Colleagues may not know—I was certainly not aware of this—that the construction industry is the sector where workers are most affected by mental ill health. In response to that, the Construction Industry Training Board has now committed £500,000 to the Building Mental Health initiative, which will train 156 construction workers as mental health first aiders. Further to this, Mates in Mind is a fantastic charity that works to address the stigma around poor mental health and improve positive mental wellbeing in the UK construction industry. It aims to have reached 75% of the construction industry by 2025.

I give these examples as evidence to colleagues that a number of businesses across the country have been proactive in their approach to mental health and are reaping the rewards. There are many more I could have shared, but I am conscious that many Members want to contribute to the debate.

This is an idea whose time has come. In a decade from now, when mental health first aiders are an established part of the workplace, we will wonder why we did not start sooner. It is good to have the Minister here today. As I am sure she recognises, this is a measure that can bring us together across party lines. The Minister and the Government have the chance to do a really important thing in supporting this motion. I should say that that is in line with their own pledges in the Conservative party manifesto in 2017. The Government have the opportunity to amend the 1974 Act and to take a clear step towards achieving real equality.

The term, “parity of esteem”, may seem meaningless, but it means real equality between physical and mental health. We legislated for that principle in the Health and Social Care Act 2012. We are now seven years down the road and still waiting to realise that ambition. The Minister will also know that the Prime Minister has been clear on this from the start of her premiership, when she made the commitment to address the inequality between physical and mental health one of the key “burning injustices” that she wanted to erase. This motion, and the policy that it seeks to implement, gives the Prime Minister and her Government the opportunity to solidify her commitment to this mission.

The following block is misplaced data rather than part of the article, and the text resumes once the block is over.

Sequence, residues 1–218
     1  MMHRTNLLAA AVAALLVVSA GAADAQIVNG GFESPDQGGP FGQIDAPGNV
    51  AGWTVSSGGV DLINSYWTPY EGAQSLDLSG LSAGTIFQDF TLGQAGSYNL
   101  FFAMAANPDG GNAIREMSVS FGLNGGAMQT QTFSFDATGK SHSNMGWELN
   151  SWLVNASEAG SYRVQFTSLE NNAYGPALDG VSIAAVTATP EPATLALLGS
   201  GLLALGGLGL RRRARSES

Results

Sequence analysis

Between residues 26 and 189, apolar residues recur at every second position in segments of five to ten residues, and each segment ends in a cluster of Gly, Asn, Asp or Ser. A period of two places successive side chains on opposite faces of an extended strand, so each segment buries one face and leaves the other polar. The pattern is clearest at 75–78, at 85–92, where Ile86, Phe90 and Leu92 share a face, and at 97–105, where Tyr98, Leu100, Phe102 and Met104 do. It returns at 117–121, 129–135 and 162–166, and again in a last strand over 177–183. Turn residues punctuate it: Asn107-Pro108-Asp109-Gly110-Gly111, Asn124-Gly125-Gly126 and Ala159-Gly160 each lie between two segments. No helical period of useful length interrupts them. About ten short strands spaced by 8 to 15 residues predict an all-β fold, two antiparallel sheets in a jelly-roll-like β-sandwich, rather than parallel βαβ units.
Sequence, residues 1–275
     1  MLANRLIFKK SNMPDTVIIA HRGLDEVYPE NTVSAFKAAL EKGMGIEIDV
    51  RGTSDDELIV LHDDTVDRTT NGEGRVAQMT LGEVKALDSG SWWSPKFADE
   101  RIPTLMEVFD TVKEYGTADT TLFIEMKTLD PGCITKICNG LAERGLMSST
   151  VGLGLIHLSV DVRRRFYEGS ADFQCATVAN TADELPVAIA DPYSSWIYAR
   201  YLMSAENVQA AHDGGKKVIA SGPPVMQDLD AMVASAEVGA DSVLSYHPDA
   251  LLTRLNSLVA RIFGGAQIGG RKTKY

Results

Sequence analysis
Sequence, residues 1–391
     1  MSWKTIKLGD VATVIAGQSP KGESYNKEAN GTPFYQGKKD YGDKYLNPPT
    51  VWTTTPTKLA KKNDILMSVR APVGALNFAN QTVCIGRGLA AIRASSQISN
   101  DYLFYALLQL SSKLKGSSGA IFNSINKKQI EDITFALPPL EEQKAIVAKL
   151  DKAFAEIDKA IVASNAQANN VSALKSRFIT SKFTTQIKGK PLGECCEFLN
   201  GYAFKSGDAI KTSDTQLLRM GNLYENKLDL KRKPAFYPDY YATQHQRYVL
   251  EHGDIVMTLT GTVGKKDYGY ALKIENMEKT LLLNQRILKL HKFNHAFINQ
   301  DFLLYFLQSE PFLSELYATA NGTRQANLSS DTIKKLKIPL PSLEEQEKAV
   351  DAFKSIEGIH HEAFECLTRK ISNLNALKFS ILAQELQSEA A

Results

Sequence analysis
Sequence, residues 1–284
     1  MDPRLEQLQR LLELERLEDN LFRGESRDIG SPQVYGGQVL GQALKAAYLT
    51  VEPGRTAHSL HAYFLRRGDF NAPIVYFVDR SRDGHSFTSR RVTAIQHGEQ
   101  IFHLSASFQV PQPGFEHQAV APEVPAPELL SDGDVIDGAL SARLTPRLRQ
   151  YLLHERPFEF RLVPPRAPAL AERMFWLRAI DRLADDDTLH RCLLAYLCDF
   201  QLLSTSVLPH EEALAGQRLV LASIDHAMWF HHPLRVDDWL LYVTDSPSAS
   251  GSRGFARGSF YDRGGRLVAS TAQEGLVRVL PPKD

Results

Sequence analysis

Unlike certain other matters that we are discussing in the House this week and over the weeks ahead, this initiative has cross-party support. It has the support of businesses and of our constituents—over 200,000 people have signed the petition. It has the support of so many mental health campaigners across the country. I sincerely hope that all Members on both sides of the House will support it here this afternoon.

I pay tribute to the hon. Member for Liverpool, Wavertree (Luciana Berger). She is right that it is wonderful to be in this place today with the noise dialled down, so that we can work on and think carefully about one of the most important issues in this country. Mental health is the No. 1 challenge for millions of people in this country every day. If we can meet that challenge in some way by working in the collaborative way that she talked about, that is wonderful. I am really pleased that she has secured this debate and that the Minister is here to listen to it. I also pay tribute to the right hon. Member for North Norfolk (Norman Lamb). The three of us have worked together on a number of issues. Like in any team, there are those who lead from the front and do all the heavy lifting and hard work, and that is definitely not me. I want to say a massive thanks to them for their efforts in getting us here today.

When I came into this place in 2015, I talked about how I wanted to end in this Parliament the stigma around mental health. I have found since then that there is still this—it is hard to understand—air around suicide that people do not want to talk about or address, but it remains the biggest killer of men under 44 in this country. Unless we talk about it, we will not come up with ways that interdict and meet the challenge.